Chapter 2

Expelled from School

“I think it is imperative to give the Jews certain public parks, not the best ones — and tell them: ‘You may sit on these benches;’ these benches shall be marked ‘For Jews only.’ … It is out of the question that any boy should sit beside a Jewish boy…Jews ought to be eliminated completely from German schools; they may take care of their own education in their own communities.” (Joseph Goebbels, Nazi Propaganda Minister, in a Nazi meeting in 1938.)

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Class photo of girls with two teachers sitting in the front and center.

Zuzana Sermer (second row, far right) in her Grade 9 class picture. Humenné, Slovakia, 1938–1939. Azrieli Foundation, courtesy of Zuzana Sermer.

Excluding Jews from education was part of an effort to separate them from the rest of society. As early as 1933, the Nazis implemented a law that placed a limit on the number of Jews allowed in schools and universities in Germany. By 1939, more than four hundred decrees had been made to separate Jews from Aryan society, and Jews had been stripped of their rights as German citizens.

As the Nazis took control of countries across Europe, the outbreak of war and the adoption of anti-Jewish laws barred more Jewish youth from getting an education.

What was it like for students when they were no longer allowed to go to school?

Jewish Schools Closed

“The Germans occupied our city in the first days of the war. Lodz had a large German population that welcomed the occupiers with open arms. I began high school apprehensive and fearful. Ev­eryone understood that the Germans would not allow Jewish schools to remain open. Indeed, after a short while the order came to close them. My school days seemed to be over.”

A Moment of Kindness

“Schools were ordered not to allow us in and public swimming areas became prohibited to us. Once, as I walked near my home alone, I noticed my Grade 3 teacher across the street. He crossed toward me and, as we passed, he shook my hand and quickly said, ‘Be brave.’ He took a great risk, as even talking to a Jew was regarded as a crime.”

Jewish Institutions Are Shut Down

“When the Nazis occupied Hungary on March 19, 1944, the Jewish school ceased to exist. The Gestapo and SS arrived in Užhorod [Ungvár] swiftly and before we knew it, they began to implement anti-Jewish laws. Jewish children were not allowed to go to school anymore. Since there were no classes, my pupils stayed home with their parents. Imagine the contrast — this was a town where Jewish schools of all types had thrived for decades. All of these institutions — elementary schools, high schools, yeshivas, even the Jewish hospital and home for the elderly — were shut down.”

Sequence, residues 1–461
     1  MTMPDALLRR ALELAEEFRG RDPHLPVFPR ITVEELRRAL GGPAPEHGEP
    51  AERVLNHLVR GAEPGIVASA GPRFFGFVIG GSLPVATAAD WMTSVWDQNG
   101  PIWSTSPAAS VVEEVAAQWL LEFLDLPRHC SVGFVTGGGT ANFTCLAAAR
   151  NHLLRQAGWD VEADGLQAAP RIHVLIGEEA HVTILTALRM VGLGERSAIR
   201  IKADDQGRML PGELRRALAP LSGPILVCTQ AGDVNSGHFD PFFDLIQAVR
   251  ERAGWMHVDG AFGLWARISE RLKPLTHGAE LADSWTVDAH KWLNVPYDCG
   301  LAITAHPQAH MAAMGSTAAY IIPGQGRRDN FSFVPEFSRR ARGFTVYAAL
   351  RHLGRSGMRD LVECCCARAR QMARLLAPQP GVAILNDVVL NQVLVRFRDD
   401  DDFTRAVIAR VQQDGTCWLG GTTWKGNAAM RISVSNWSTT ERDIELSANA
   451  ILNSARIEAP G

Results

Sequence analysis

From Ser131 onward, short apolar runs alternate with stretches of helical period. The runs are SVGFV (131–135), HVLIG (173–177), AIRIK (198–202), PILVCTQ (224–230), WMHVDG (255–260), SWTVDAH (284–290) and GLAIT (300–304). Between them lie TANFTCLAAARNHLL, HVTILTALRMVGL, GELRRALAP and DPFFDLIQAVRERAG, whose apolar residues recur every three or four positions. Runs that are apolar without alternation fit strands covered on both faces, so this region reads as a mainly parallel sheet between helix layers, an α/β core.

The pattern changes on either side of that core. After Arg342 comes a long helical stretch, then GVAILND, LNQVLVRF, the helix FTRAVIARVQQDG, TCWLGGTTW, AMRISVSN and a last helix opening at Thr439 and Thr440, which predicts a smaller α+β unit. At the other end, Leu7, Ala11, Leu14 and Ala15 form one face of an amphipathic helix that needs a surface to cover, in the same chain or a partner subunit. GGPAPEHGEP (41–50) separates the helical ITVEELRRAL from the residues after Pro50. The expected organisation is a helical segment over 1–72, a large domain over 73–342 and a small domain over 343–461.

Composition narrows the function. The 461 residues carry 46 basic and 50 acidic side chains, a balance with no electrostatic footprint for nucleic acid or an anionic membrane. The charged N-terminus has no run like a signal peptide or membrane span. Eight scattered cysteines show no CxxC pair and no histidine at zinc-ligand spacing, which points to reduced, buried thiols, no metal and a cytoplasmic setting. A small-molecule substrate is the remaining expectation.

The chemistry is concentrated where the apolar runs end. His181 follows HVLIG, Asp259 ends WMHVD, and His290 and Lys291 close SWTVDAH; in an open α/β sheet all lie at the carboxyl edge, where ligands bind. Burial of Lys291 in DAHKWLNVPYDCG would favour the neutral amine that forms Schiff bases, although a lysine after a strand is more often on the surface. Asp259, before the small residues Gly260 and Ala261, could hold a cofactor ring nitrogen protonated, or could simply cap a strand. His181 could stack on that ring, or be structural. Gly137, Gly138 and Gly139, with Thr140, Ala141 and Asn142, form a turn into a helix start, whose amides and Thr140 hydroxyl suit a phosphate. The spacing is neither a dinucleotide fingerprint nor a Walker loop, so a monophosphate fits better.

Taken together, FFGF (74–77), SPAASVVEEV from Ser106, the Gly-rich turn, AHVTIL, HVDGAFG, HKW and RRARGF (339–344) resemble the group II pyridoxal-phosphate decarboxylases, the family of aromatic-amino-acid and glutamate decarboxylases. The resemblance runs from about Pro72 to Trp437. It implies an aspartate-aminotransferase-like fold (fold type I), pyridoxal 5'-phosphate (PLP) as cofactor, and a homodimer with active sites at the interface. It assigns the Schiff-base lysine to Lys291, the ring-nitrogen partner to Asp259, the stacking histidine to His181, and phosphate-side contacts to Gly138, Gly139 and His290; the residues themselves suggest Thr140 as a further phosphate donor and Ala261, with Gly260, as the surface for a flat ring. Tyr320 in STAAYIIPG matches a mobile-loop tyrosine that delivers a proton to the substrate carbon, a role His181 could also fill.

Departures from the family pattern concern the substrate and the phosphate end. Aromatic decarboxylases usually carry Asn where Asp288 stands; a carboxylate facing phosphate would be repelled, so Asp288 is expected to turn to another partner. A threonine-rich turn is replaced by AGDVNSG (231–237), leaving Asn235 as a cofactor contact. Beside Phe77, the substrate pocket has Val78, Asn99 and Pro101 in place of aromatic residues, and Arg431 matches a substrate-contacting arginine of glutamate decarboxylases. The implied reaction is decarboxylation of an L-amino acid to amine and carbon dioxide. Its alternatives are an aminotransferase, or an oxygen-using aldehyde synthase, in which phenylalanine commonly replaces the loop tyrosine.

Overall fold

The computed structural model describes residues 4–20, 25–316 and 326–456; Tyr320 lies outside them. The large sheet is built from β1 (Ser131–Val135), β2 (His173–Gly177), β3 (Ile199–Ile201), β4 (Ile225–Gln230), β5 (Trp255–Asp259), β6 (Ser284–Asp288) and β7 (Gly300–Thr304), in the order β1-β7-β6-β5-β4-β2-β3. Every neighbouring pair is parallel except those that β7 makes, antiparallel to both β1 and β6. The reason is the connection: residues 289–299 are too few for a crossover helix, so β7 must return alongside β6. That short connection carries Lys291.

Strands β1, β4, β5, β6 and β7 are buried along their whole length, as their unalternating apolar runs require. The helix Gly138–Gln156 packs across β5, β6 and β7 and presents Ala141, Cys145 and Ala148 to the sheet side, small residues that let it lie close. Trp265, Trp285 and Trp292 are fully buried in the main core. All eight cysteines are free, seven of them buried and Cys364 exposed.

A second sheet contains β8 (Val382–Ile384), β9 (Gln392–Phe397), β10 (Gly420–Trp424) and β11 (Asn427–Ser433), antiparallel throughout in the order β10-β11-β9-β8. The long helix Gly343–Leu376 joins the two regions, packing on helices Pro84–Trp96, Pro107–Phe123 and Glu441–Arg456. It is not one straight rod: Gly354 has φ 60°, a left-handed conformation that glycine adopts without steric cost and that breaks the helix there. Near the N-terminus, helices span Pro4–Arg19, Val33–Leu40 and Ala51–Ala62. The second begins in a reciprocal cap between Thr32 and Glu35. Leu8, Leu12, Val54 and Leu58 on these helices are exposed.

Poster Felicia Cweb phase2

“Because You’re a Jew”


“That fall, when I was supposed to be in Grade 3, I was expelled from school, but not for misbehaviour, and I was not alone. With growing antisemitism in Romania, all Jewish kids were kicked out of school. In my case, I was called in front of the class by the teacher, who pulled out her big black student attendance book and whacked me over the head with it, saying, ‘You can’t come to school any more or ever again, and you’ll never grow any taller because you’re a Jew.’ Later, right before we were deported, she made a point of walking right by our house to gloat.”

Nothing to Do

“The students and teachers assembled in the courtyard in front of the school, and the principal announced the sad news. Pale, and with a trembling voice, he read the official decree: ‘In accordance with the instructions of the German authorities, all schools in the Warsaw district will be closed.’ He didn’t mention the fact that only the schools for Jewish children were to be closed. Of course, in comparison to what happened later on, this was a small event, but it was my first negative experience of the occupation. So now I was unable to go to school and had to stay at home all day with my mother, with nothing to do.”

Elly Gotz poster

“I Never Went to High School”



Key Anti-Jewish Laws and Measures in the Nazi Era

During the Nazi period, anti-Jewish restrictions were put in place in Germany and across Europe. Many countries passed anti-Jewish legislation in these years, sometimes modelled on Nazi Germany’s antisemitic policies. In countries they occupied, the Nazis imposed their own laws. Soon, Jews in most of Europe had been deprived of almost all of their rights.



Chapter 3

New School Environments

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